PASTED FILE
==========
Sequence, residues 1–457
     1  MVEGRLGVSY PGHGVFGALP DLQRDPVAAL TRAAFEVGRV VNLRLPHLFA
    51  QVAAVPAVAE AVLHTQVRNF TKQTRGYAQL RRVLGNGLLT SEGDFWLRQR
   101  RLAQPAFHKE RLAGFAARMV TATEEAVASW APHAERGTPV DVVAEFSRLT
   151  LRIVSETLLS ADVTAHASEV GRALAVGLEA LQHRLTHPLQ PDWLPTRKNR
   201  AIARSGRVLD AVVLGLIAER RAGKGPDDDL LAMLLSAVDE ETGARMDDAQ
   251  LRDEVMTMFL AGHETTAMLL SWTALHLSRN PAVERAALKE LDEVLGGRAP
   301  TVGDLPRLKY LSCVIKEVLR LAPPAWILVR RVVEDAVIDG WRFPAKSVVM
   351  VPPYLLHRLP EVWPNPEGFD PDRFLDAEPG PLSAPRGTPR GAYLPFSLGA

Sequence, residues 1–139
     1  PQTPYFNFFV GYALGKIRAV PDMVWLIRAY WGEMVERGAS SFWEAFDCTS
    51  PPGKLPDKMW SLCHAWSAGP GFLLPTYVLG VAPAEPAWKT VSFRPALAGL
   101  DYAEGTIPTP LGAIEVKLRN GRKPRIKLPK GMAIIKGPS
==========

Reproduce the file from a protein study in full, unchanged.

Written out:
Sequence, residues 1–457
     1  MVEGRLGVSY PGHGVFGALP DLQRDPVAAL TRAAFEVGRV VNLRLPHLFA
    51  QVAAVPAVAE AVLHTQVRNF TKQTRGYAQL RRVLGNGLLT SEGDFWLRQR
   101  RLAQPAFHKE RLAGFAARMV TATEEAVASW APHAERGTPV DVVAEFSRLT
   151  LRIVSETLLS ADVTAHASEV GRALAVGLEA LQHRLTHPLQ PDWLPTRKNR
   201  AIARSGRVLD AVVLGLIAER RAGKGPDDDL LAMLLSAVDE ETGARMDDAQ
   251  LRDEVMTMFL AGHETTAMLL SWTALHLSRN PAVERAALKE LDEVLGGRAP
   301  TVGDLPRLKY LSCVIKEVLR LAPPAWILVR RVVEDAVIDG WRFPAKSVVM
   351  VPPYLLHRLP EVWPNPEGFD PDRFLDAEPG PLSAPRGTPR GAYLPFSLGA

Sequence, residues 1–139
     1  PQTPYFNFFV GYALGKIRAV PDMVWLIRAY WGEMVERGAS SFWEAFDCTS
    51  PPGKLPDKMW SLCHAWSAGP GFLLPTYVLG VAPAEPAWKT VSFRPALAGL
   101  DYAEGTIPTP LGAIEVKLRN GRKPRIKLPK GMAIIKGPS